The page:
This week’s task involved creating a short, hand-drawn GIF animation showing a character spinning around in a chair.
There was not really any theory or initial research needed for this piece, as the brief was a standalone drawing task that was explained to us in the lesson.
To create the GIF, one member of the group held a fixed body position whilst the other group members circled around them, drawing individual ‘frames’ at 16 different points. These drawings could then either be redone later or touched up, with the end goal of converting them to an animated sequence.
In order to simplify my own freehand versions of the drawings, I removed all of the unnecessary clutter from the illustration, keeping only the form and certain objects and items of clothing to identify the model.
Although not especially badly drawn, I felt that the slight changes in proportions between each frame could look a bit odd and unnatural when converted to a GIF. I am quite familiar with the 3D software Blender, and thus to combat the proportions issue, I rigged together a small, basic animation of the camera circling a man in the same position as the original model.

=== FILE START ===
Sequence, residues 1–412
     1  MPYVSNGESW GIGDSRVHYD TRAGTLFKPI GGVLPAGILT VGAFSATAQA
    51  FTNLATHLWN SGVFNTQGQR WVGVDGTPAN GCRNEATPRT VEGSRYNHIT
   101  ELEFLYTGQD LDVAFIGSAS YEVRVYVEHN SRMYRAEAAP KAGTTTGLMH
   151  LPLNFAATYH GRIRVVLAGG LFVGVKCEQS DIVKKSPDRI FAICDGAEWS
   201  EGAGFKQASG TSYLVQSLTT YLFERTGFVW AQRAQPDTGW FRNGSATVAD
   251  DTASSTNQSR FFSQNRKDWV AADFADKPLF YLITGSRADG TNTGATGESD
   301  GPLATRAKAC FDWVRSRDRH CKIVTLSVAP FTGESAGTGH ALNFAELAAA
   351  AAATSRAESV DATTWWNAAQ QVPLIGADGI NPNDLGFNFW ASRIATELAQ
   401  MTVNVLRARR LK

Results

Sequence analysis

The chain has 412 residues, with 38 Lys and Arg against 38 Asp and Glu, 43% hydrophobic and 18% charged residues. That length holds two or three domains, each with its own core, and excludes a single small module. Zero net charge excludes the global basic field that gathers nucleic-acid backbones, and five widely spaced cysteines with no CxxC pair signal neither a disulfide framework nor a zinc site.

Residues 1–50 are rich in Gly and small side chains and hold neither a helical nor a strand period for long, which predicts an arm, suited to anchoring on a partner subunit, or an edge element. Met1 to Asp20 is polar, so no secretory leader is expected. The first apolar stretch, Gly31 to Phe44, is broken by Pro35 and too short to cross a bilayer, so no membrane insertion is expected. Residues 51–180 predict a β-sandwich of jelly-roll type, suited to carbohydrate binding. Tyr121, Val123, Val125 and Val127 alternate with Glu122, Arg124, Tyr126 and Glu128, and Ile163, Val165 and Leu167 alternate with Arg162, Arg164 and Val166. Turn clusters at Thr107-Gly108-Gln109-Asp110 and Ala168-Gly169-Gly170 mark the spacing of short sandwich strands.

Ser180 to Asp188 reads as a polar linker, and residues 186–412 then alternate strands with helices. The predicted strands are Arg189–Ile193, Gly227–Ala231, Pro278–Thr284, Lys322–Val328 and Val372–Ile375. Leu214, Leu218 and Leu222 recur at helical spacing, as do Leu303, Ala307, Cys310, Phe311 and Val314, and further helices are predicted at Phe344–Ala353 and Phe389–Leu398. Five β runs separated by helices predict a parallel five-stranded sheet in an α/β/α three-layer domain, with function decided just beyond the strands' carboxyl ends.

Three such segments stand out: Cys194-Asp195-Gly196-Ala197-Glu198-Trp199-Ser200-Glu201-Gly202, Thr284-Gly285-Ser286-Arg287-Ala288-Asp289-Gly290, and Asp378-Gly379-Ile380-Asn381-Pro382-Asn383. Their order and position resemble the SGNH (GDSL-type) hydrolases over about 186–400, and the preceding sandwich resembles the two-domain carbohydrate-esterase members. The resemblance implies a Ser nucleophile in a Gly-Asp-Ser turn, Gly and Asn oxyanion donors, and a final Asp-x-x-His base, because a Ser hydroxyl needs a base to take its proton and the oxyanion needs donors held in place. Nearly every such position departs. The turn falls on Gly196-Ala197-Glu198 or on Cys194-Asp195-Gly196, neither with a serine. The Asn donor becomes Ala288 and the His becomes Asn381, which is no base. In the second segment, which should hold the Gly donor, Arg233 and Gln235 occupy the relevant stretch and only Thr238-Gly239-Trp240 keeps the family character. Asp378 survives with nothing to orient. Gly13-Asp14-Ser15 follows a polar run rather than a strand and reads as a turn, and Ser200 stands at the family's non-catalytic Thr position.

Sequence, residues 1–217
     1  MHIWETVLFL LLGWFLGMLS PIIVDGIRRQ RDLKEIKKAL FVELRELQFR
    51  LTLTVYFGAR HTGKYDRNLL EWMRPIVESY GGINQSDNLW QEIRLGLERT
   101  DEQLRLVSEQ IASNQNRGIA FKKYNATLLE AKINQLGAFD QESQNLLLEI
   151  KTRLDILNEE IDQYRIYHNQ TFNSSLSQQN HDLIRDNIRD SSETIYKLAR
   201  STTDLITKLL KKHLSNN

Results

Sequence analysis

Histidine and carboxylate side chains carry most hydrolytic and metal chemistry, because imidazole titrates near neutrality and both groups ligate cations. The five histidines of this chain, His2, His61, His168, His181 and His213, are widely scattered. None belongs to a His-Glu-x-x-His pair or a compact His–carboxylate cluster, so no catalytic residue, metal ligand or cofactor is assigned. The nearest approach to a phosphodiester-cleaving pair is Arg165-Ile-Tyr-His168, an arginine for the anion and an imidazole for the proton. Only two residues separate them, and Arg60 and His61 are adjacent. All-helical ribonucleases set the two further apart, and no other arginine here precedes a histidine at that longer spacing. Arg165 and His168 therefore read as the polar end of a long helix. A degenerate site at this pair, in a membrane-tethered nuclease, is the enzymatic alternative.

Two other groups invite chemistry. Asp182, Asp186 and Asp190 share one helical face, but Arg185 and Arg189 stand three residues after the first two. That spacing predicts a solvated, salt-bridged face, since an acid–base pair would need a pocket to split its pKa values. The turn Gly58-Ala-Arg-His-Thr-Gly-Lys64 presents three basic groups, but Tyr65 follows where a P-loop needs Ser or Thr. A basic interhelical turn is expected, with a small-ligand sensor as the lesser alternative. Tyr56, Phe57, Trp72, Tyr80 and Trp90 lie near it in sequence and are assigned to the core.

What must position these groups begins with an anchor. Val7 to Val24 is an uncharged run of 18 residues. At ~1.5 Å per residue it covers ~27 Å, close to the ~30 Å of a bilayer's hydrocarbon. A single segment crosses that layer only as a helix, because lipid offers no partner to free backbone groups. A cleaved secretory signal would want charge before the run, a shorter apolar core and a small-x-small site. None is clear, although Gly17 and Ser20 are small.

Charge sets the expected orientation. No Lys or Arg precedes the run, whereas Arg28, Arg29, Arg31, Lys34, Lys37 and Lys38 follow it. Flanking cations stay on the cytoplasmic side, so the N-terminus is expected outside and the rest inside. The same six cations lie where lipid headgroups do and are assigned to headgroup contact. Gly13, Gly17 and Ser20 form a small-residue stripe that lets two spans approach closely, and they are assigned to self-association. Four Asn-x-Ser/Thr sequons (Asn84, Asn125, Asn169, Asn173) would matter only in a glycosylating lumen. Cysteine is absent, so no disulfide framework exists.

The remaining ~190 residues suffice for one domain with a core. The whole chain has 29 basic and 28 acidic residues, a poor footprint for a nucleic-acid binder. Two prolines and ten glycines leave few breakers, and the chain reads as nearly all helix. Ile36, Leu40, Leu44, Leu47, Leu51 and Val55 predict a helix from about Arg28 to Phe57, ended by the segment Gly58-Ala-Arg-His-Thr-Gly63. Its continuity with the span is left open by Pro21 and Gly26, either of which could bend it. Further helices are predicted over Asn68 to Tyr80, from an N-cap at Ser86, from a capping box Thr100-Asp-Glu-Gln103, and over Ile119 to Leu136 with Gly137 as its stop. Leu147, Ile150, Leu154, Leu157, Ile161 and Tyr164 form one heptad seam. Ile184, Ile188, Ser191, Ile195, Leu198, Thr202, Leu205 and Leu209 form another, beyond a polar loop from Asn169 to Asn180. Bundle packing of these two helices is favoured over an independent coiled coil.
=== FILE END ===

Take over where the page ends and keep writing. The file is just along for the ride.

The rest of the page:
From this animation, I rendered out a 16-frame sequence into single images. I then took these images into Adobe Photoshop, and, using a Wacom Bamboo tablet, began sketching over the top of them, focusing more on the rough outlines and major shapes of the man, rather than the details such as those of the face.
The Final GIF
After taking these final drawn frames and converting them to an image sequence, I arrived at the final GIF seen below.
The feedback that I received from my peers was generally very positive, however it was suggested that I had actually used a technique called ‘Rotoscoping’ to create my final GIF which, although giving a clean final result, was not expected. Despite this I feel that the method was a creative solution to the body proportions issue, and I am really happy with the aesthetic of the piece.
If a similar task was completed in future however, I could use a drawing workflow involving a light box in order to maintain the body proportions of my freehand sketches, while also keep the hand-drawn quality to the final piece.